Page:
Training Tip: Weekly Mileage

Excerpted from Running With Joy:

In high school, I was the mileage king. I loved the sense of accomplishment I felt when I added up my weekly mileage. Sometimes I would even sneak out for an easy extra run so I could hit a nice round number. But now I have learned that running a certain number of miles a week doesn’t necessarily mean I will run faster. Running is more art than science. Everyone has unique and changing needs. The only way to know exactly how much is enough but not too much is to experiment and get to know your body as well as you can.

The ideal mileage is the mileage that is right for you. More is not always better. I recommend a gradual progression, trusting that your body will tell you when you have crossed the line and gone too far. While increasing mileage, run on soft surfaces, such as grass and dirt, whenever possible. Also, when increasing your mileage, alternate longer and shorter weeks.

I am always reluctant to tell people how many miles a week to run. I don’t even keep track of my mileage (except when I was writing in a journal heading into Boston last year, and even then I never added up the weekly mileage). I get more confidence from hitting big workouts at specific paces, such as a 15-mile temp run at five-minute pace at 7000 feet over rolling terrain. My coach’s approach has always been to hit the big workouts and then go as short as I need to the following day. I recommend focusing on the workouts and filling in the easy days with as much volume as feels right for your body.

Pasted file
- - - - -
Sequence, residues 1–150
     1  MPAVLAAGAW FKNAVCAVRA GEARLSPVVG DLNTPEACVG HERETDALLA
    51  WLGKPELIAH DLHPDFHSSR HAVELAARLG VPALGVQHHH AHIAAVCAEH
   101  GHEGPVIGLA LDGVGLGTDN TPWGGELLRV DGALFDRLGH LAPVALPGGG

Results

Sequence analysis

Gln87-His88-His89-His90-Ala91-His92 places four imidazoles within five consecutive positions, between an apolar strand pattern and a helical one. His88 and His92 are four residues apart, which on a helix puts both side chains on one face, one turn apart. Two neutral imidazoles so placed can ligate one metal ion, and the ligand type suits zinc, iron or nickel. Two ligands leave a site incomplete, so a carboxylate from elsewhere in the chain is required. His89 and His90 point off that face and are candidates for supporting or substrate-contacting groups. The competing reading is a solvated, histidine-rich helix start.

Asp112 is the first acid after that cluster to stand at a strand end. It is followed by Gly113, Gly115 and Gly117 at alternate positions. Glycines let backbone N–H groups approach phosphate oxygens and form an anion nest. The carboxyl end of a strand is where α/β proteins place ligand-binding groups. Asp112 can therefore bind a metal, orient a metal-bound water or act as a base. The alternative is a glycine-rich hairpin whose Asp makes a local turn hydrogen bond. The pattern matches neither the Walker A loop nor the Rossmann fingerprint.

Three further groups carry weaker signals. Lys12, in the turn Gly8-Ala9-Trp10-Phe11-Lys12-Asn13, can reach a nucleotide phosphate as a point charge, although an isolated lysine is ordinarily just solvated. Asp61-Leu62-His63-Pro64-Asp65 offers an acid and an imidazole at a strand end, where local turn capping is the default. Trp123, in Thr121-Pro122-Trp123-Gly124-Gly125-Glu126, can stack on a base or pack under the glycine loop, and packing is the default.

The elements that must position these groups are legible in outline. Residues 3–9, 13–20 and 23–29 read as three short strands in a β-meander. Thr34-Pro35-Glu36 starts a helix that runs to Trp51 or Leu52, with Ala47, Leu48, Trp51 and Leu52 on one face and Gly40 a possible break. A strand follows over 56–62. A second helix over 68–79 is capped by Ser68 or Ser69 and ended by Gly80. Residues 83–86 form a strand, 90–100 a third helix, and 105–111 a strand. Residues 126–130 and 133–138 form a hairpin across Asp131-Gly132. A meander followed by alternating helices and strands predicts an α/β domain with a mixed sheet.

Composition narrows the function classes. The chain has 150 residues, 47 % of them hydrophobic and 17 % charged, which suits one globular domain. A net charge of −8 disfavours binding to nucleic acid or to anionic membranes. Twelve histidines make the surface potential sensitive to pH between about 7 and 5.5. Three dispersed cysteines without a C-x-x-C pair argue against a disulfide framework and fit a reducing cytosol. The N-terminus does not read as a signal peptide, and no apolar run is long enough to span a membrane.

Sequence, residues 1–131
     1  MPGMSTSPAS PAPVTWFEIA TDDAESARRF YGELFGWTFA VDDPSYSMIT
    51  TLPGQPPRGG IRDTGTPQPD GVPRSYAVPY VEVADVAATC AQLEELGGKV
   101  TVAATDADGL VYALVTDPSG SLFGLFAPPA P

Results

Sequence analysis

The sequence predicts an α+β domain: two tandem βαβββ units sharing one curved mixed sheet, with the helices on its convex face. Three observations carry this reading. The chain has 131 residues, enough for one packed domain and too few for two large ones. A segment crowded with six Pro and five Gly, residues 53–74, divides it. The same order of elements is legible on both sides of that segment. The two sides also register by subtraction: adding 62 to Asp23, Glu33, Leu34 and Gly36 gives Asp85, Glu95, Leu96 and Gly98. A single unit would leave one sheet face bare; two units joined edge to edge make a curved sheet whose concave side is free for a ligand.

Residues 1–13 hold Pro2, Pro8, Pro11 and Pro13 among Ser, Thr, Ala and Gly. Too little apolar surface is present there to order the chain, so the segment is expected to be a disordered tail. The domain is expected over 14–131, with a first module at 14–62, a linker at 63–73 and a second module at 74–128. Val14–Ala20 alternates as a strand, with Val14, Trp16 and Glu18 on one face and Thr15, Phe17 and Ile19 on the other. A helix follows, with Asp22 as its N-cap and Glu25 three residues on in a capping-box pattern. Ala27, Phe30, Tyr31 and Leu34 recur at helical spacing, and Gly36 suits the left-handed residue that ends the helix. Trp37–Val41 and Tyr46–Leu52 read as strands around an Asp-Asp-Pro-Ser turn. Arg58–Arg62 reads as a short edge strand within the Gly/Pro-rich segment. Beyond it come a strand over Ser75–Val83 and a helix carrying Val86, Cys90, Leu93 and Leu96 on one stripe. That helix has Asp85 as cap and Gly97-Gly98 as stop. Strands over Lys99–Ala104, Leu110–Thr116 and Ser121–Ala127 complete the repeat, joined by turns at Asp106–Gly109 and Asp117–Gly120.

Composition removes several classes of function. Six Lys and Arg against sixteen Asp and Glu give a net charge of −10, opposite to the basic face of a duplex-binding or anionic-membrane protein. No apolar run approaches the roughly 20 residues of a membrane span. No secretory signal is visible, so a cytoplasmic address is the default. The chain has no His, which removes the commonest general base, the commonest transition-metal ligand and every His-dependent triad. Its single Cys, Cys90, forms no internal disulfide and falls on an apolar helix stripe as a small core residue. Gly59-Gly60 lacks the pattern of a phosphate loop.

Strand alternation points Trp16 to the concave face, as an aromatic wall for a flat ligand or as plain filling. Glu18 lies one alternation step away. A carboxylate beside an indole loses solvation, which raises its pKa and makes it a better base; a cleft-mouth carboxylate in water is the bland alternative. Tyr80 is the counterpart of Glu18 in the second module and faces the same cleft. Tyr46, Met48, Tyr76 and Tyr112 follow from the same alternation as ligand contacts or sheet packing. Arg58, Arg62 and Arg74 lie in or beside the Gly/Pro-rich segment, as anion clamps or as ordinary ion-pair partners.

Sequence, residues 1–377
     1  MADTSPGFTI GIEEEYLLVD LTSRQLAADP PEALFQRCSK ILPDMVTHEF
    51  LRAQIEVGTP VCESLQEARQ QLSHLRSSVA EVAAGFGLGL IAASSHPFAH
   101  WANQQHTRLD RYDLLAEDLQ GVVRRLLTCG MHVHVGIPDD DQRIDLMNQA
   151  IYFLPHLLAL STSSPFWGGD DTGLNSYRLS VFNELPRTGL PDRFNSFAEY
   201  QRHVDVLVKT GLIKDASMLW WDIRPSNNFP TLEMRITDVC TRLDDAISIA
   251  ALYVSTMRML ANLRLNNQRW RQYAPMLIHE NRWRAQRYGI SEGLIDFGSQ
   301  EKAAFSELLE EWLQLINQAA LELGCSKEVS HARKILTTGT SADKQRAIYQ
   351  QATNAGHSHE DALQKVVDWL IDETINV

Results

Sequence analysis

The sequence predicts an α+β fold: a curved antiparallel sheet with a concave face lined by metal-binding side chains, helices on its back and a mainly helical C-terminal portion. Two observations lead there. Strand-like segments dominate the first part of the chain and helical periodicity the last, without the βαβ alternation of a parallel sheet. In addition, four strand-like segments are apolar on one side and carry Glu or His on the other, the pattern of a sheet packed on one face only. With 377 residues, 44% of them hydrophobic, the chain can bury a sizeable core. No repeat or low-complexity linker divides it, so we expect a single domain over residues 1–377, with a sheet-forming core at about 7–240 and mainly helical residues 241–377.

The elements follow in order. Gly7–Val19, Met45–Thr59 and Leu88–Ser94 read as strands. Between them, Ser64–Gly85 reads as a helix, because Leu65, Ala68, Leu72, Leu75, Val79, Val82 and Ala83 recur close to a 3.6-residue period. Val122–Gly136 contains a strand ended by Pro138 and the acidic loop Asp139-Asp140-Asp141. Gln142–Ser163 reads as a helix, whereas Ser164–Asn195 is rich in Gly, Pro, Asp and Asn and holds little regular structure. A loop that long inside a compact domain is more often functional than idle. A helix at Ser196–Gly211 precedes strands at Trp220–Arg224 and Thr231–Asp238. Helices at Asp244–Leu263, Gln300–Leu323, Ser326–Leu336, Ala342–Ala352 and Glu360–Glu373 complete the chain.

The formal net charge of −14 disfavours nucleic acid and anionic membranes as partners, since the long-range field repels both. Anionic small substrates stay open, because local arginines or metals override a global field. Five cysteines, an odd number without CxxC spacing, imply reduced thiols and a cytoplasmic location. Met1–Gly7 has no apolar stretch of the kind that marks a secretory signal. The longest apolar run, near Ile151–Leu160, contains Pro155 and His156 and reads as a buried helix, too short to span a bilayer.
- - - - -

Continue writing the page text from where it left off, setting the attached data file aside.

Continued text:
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2 Comments

  1. Cody Whitson
    Posted February 9, 2011 at 7:44 pm | Permalink

    Wonderful book!!!!

    I was the same way in High School. My senior year I wanted to run 100 miles as my peak week of the summer to get ready for Cross Country. I hit the 100 miles but it lead to me sitting out for most of my cross country season.

  2. Posted March 9, 2011 at 3:26 pm | Permalink

    It’s great to see an elite runner like Ryan Hall validating something I started doing which has changed my running life which is “not” counting mileage. I just key and focus on a couple key workouts each week and otherwise, I just run nice, comfortable and easy on the other days and I don’t track mileage or pace. In fact, on my runs, I don’t carry a watch.

    This has taught me to listen to my body. Our bodies don’t run according to data from a Garmin. I’m not saying a Garmin doesn’t have its place but the body is relaying critical information to us regularly and sometimes the best way to listen is to just run without assistance from any technology or gadgets.

    Harry

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